Alloy Cats

Why Alloy Cats

Boaties the world over have always been very traditional in their attitudes to new design concepts, and nowhere more so than here in New Zealand. We are wary, suspicious and at times downright cynical when faced with a new boat concept that is somewhat different to what we have always accepted. There have often been good grounds for these attitudes for many a new concept has flopped, sometimes through unflattering performances, but often through poor engineering and construction.

The Development of Powercats

The development of power catamarans (now commonly called powercats) has been a typical example. Tales of split hull joints, smashed wingdeck sections and hard pounding into head seas did little to encourage boaties to join the multihull brigade in the latter quarter of last century. The evolution of powercats, particularly in New Zealand, was slow and painful, though many hung to the belief that these craft were the way of the future.

Many amateur efforts, at both design and construction, produced some aesthetically ‘unappealing’ craft, but in some you could not fault the performance outcomes.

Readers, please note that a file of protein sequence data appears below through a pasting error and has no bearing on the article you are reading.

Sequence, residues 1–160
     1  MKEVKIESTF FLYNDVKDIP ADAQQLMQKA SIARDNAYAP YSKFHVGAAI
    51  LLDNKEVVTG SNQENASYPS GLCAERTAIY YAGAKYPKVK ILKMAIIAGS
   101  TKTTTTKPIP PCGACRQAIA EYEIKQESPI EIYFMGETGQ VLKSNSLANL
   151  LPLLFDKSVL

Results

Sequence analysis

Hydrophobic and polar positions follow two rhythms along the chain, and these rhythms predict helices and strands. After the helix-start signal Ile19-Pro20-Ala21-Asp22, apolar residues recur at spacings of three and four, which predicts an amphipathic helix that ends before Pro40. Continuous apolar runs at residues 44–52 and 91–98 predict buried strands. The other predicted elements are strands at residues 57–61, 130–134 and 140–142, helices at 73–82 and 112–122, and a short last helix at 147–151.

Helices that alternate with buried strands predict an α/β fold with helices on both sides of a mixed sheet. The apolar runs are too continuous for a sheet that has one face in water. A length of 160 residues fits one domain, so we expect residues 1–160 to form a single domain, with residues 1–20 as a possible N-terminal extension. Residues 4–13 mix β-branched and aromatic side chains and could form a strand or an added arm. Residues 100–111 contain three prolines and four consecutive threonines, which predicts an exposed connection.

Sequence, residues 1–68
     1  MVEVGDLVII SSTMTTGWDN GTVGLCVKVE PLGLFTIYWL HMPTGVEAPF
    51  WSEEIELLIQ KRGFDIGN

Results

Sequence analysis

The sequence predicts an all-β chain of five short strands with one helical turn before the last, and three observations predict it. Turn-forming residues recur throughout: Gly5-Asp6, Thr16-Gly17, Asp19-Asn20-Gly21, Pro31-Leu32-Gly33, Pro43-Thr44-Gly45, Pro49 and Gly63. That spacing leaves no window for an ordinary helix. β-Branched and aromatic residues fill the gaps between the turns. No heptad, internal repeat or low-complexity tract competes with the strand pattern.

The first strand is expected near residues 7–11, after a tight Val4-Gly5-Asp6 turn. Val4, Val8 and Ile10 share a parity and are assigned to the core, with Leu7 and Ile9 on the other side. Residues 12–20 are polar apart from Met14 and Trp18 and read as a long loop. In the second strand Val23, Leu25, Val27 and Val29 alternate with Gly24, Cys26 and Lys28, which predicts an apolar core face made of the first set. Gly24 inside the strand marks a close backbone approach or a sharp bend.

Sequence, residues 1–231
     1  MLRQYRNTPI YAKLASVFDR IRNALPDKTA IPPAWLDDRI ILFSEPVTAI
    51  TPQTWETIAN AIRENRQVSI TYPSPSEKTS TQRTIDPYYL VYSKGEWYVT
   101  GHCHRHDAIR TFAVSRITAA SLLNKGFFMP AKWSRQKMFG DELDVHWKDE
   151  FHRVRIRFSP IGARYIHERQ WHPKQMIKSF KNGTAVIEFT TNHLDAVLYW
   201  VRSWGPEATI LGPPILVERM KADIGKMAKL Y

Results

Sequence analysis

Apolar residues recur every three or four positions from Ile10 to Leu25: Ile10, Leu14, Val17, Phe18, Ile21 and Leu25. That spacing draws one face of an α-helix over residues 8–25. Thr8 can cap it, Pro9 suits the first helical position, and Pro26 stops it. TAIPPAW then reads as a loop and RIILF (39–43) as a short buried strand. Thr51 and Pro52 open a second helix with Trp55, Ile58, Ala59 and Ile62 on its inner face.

Several of our professional designers recognised the potential of powercats and thus began an evolution that has seen large numbers of these boats not only cruising our coastlines but venturing across oceans as well.

Today, a well-designed and built powercat holds it value exceptionally well, a testament to the many factors that give it significant advantages over the traditional monohull vessel.

Our Boatbuilding Experience

While we are powercat specialists, our expertise in boatbuilding extends to all areas of the market –  from small dinghies and punts right through to large monohull launches. In between we have designed and built houseboats for leisure and charter, workboats for charter and crayfishing, and an extensive range of trailerboats – both the Kingfisher brand and Fish City models. Outside of our own Kingfisher designs we have built  designs by Naiad, Tim Barnett, and Roger Hill.

We have built boats to comply with survey standards by Lloyds, Australian Maritime Safety Authority and Maritime New Zealand.

Browse this website and view the diversity of boats we now have on the water from this pontoon platform for a radical houseboat in Fiji through to an 18metre executive charter cat for Australia’s east coast.


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